The issue of rail capacity has been an ongoing problem at the West Coast ports for a couple of months.
The Port of Oakland, which has been a victim of canceled sailings as a result of ocean carriers trying to make up time on its schedule due to congestion in San Pedro Bay, is expected to see a pickup in vessel arrivals. Starting in early July, The Alliance’s PS4 service is expected to return to Oakland. This is a transpacific route between Asia and the U.S. West Coast.
According to Mike Baudendistel, FreightWaves’ head of intermodal solutions, “Intermodal volume has held up better than truckload volume as bloated retail inventory levels have lessened shippers’ speed requirements. That is most evident when comparing domestic intermodal to domestic truckload. Still, a lack of chassis availability in some locations is holding back intermodal volume and service levels. One data series that stands out is the average number of loaded intermodal cars in revenue service that has not moved in 48 hours — by that measure, delayed intermodal equipment is well above the three-year average for four of the five U.S. Class I railroads.”
China’s COVID status quo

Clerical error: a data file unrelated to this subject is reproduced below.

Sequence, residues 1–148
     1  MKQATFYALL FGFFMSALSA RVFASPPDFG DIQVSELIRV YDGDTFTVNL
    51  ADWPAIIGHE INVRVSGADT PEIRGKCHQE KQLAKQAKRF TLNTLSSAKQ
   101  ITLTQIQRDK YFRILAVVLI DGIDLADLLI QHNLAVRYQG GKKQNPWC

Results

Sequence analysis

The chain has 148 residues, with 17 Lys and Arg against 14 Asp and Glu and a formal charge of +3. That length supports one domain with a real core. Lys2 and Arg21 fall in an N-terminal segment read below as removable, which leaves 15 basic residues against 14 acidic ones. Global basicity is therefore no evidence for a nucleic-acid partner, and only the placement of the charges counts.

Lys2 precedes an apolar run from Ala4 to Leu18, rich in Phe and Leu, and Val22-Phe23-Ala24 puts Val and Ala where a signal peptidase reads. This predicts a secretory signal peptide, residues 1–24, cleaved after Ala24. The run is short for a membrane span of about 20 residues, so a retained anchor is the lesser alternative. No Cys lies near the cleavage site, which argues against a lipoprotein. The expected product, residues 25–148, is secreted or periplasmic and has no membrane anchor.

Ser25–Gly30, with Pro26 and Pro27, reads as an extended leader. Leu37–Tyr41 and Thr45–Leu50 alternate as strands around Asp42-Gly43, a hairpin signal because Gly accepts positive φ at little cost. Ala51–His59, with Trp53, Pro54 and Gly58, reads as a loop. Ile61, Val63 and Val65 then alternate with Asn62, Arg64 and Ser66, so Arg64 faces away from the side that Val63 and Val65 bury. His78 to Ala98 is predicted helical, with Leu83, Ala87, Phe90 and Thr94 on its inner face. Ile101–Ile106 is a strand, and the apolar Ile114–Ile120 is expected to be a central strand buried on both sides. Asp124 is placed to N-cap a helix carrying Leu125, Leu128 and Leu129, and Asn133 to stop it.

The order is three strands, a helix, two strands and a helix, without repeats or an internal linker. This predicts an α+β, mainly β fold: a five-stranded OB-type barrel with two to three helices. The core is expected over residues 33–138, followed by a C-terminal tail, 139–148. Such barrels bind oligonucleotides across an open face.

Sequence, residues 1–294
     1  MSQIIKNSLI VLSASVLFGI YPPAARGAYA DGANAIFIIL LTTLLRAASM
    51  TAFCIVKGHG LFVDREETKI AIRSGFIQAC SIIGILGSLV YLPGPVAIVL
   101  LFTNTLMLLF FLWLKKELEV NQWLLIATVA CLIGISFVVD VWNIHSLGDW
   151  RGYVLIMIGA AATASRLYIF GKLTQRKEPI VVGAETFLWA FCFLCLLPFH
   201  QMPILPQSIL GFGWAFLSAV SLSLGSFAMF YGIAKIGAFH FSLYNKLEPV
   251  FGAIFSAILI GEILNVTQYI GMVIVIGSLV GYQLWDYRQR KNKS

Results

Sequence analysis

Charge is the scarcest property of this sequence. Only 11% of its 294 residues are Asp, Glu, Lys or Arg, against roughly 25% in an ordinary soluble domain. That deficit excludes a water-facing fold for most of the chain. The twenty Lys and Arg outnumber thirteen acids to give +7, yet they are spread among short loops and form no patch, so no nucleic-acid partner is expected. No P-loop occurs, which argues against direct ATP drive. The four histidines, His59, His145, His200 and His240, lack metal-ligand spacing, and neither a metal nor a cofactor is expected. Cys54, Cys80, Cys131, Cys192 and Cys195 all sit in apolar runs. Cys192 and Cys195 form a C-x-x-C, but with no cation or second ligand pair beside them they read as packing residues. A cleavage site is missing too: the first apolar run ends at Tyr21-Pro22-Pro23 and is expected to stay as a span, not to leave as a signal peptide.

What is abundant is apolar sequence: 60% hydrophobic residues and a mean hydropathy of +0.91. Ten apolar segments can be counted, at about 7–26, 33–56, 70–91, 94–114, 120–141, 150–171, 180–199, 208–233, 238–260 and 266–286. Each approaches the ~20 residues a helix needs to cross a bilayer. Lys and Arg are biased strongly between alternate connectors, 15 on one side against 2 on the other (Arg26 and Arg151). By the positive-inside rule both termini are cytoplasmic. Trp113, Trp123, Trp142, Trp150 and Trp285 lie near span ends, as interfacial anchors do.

In China, Shanghai is still in the grips of now-called “dynamic COVID-zero” restrictions. Trucking is still a challenge in some areas, impacting manufacturing with raw material shortages and container delivery.
While the container volumes will be high this peak season, a pullback is expected later in the year. Logistics companies and retail insiders tell American Shipper that Chinese manufacturers are receiving decreased orders by 20% to 30%. This decrease in orders will impact container volumes but after peak season and once Shanghai fully reopens.
“Spiking energy prices and inflation are driving consumers back to pre-pandemic spending habits,” explained Pervinder Johar of Blume Global. “And assuming this reduction in demand for products, orders will likely follow the decline. The two major unknowns for potential freight rate declines will be whether congestion will return resulting from possible work actions as the ILWU and PMA negotiate a new contract in the USWC and whether Ocean Carriers will exhibit the same capacity control disciplines that we saw in the early days of the pandemic in 2020.”